Whether or not there is fair competition depends on whether or not the rules are followed faithfully. This has all been witnessed by China's population in broad daylight, rather than being carried out under the table or behind closed doors. This is the way of the Olympics.

The way of the Olympics

The way of the Olympics is different from the way of the one-party state. One is built on struggle, the other on competition. One describes differences between self and an 'enemy', the other states that all shall be treated with equal humanity. One was ushered in by the roar of cannons of Lenin's October Revolution, while the other was the culmination of 100 years of hopes, cries and invitations on the part of China's leaders.

Fair competition, also known in Chinese by the phrase "fei'e polai," or fair play, expects that athletes will play by the rules; it extends an equality of treatment to all those taking part, together with a quality of honesty and straightforwardness. I don't know why it is that in China, whose people have endured 80 years of unredressed grievances, and which is now in the grip of Olympic fever up and down the country, we haven't seen a concomitant burst of enthusiasm for playing by the rules.

If China raises high the banner of the Olympics without also raising high the banner of fair play, if its government still harbors a strong dislike for the politics of daylight, then its words will have become divorced from their meanings into pure spin, and the Olympics will have come here in vain.

...now that our leaders have invited the mysterious Mr O. to visit

China's political and economic life is suffering from a serious sickness, the roots of which lie in the fact that in the length and breadth of this enormous country, inside and outside the Party, there is a lack of probity, a lack of justice and a lack of openness. You may think you saw the practice of fair treatment for all inside the Bird's Nest Stadium, but did you see it in Weng'an county, Guizhou? There, only the local officials are allowed to start fires: Local people aren't allowed to do as much as light a lamp. Where is the justice, the fair competition, in that?

Back in 1919, when Chen Duxiu wanted to invite Mr. De [democracy] and Mr. Sai [science] into China, the authorities refused to allow it. Now, they have invited Mr. O to come in of their own free will. But Mr. O shouldn't just be confined to the Olympic Village. He should be allowed into real villages, into petitioner villages, down the mines, into the brick kilns, into the courts and the news bureaux, inside the county governments: all over the country, in fact, spilling justice and openness and probity wherever he goes.

For only when the Party branch secretary plays by the same rules as the rest of the village; only when the county Party secretary plays by the same rules as the rest of the county; only when a Politburo member plays by the same rules as the rest of the country: only then will China see lasting peace and stability. Only then will we see everyone truly being treated equally, and with the same humanity, and the rules of the game being observed by all. And only then can we be sure that we won't see another serious incident like those in Shanwei, or Weng'an county, or Dongbakuai.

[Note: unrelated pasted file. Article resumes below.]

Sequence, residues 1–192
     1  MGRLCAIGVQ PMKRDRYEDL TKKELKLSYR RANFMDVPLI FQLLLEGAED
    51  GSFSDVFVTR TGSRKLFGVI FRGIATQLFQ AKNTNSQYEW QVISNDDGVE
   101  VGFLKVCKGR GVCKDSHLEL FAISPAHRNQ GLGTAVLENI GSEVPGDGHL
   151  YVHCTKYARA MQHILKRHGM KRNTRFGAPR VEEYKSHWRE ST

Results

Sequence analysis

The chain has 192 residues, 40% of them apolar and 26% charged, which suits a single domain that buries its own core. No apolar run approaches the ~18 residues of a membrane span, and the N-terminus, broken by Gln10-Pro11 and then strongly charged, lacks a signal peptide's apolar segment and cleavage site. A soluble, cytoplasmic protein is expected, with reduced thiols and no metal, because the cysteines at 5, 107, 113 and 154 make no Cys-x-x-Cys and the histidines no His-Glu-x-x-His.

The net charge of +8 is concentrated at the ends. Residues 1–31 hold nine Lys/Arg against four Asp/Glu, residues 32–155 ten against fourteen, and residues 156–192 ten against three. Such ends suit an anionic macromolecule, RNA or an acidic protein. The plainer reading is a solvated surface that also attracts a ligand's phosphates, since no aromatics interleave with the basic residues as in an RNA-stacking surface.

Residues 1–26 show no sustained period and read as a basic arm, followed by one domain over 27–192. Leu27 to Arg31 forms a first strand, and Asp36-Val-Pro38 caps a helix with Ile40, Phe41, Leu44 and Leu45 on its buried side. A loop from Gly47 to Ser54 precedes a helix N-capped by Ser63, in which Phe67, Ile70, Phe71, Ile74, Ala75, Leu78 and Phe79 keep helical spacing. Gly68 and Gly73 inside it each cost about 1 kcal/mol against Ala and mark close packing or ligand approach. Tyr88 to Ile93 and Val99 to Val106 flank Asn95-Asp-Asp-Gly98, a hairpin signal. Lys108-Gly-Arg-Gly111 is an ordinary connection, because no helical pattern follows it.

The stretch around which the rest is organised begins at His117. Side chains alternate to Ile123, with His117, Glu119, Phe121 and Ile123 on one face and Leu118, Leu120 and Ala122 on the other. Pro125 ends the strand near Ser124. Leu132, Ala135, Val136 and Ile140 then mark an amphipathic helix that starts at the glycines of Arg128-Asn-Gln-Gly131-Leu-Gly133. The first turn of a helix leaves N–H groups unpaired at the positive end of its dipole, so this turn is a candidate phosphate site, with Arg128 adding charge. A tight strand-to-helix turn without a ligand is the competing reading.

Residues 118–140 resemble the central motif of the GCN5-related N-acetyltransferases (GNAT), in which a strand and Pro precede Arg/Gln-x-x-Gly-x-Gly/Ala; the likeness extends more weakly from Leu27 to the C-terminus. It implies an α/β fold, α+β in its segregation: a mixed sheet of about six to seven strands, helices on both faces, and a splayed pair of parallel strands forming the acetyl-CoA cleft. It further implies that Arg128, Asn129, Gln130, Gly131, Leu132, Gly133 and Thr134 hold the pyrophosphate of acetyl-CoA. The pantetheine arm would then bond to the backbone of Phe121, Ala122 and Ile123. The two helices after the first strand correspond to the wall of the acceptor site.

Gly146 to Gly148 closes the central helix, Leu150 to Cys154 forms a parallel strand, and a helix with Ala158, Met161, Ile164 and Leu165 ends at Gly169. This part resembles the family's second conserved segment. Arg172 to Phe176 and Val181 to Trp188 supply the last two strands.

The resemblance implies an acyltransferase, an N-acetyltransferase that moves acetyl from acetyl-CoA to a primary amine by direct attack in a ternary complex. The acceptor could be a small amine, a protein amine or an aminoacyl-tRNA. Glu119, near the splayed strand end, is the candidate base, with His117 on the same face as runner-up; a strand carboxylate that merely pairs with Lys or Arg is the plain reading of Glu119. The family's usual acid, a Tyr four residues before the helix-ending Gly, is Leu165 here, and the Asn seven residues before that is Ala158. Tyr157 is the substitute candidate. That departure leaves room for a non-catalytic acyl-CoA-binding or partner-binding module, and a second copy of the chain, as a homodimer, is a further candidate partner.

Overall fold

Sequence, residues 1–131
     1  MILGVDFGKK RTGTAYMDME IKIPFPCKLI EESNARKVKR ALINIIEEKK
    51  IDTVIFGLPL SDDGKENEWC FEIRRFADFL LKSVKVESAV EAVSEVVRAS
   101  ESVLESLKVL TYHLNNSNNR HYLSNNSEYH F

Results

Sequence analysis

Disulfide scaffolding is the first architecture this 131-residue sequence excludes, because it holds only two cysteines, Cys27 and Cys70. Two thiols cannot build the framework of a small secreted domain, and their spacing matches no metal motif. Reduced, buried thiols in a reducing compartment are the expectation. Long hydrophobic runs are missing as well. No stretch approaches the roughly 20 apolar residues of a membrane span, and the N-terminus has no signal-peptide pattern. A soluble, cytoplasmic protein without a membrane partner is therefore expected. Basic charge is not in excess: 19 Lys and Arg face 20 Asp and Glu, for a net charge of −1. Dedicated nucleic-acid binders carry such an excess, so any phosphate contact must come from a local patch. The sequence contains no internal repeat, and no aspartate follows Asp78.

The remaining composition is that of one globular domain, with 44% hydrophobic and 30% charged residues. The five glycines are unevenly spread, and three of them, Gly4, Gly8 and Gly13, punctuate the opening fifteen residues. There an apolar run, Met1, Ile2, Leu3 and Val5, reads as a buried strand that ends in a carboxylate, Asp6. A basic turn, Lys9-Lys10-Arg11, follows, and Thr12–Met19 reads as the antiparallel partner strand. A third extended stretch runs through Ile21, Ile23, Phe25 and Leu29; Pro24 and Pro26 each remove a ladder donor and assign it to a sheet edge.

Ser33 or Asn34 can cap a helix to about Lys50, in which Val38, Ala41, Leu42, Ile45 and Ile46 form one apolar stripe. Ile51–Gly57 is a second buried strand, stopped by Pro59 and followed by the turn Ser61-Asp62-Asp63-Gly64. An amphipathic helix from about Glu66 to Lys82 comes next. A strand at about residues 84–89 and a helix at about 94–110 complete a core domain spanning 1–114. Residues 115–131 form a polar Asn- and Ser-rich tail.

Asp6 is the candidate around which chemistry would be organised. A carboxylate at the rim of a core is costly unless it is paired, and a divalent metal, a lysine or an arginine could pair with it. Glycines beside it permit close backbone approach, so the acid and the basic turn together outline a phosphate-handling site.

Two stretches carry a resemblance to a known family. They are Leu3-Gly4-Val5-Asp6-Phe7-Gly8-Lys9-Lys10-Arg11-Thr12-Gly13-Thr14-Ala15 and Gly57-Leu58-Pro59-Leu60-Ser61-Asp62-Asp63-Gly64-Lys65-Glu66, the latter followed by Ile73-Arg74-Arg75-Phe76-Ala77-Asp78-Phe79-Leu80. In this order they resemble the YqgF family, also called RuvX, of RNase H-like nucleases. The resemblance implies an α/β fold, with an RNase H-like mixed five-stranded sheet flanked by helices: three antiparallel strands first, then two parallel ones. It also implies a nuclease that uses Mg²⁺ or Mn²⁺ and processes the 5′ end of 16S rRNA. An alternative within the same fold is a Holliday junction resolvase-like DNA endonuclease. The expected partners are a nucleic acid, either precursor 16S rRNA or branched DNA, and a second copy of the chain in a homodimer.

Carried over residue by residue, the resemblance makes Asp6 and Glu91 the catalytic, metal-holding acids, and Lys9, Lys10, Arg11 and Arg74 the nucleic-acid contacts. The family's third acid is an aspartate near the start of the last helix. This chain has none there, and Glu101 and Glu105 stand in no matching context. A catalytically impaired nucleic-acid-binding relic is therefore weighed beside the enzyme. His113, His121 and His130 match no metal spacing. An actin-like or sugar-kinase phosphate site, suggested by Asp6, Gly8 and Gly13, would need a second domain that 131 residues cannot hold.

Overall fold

China will choose

Both the spirit of fair competition and a one-party state have a base among the masses; each has its own attractions. The die will be cast between them at some point in China's future.

I am an optimist. I believe that Chinese society is diverse; that its people are not mass-produced from a single iron template, and that as long as it doesn't self-destruct, that the spirit of fair play will inevitably win the day.

The history of the development of human rights in the United Kingdom, beginning with the Magna Carta (1215) and the Statute Concerning Tallage (1297) through to the Bill of Rights (1689), and the history of other countries, shows that the principle of fair competition isn't only necessary to protect the weak in society; it is also necessary to govern relations between the strong.

Civil rights movement

All the struggles of Chinese people at every level of society that are going on right now, in every group and organization, and on the part of individual citizens, to protect their legal rights and interests, will inevitably result in a mighty consensus on this principle, which will have an effect on every walk of life, including elections, the flow of information, on public demonstrations, all of which will be governed by the rules of fair competition.

I believe that our People's Republic, which is nigh on 60 years old now, won't spend much longer languishing without a voice amid the old evils of undemocratic elections.

A lot of people have voiced their concerns about what will happen to China after the Olympics are over. After all, the Olympics won't solve our economic, political or social problems. But actually I do believe that the concept of fair competition, of equal treatment according to the rules of the game, of openness, of fairness and of probity, will have a massive impact on every level of Chinese society which will last for a long time to come.

Original essay by Bao Tong, broadcast on RFA's Mandarin service on Aug. 28, 2008. Service director: Jennifer Chou. Translated and produced for the Web in English by Luisetta Mudie. Edited by Sarah Jackson-Han.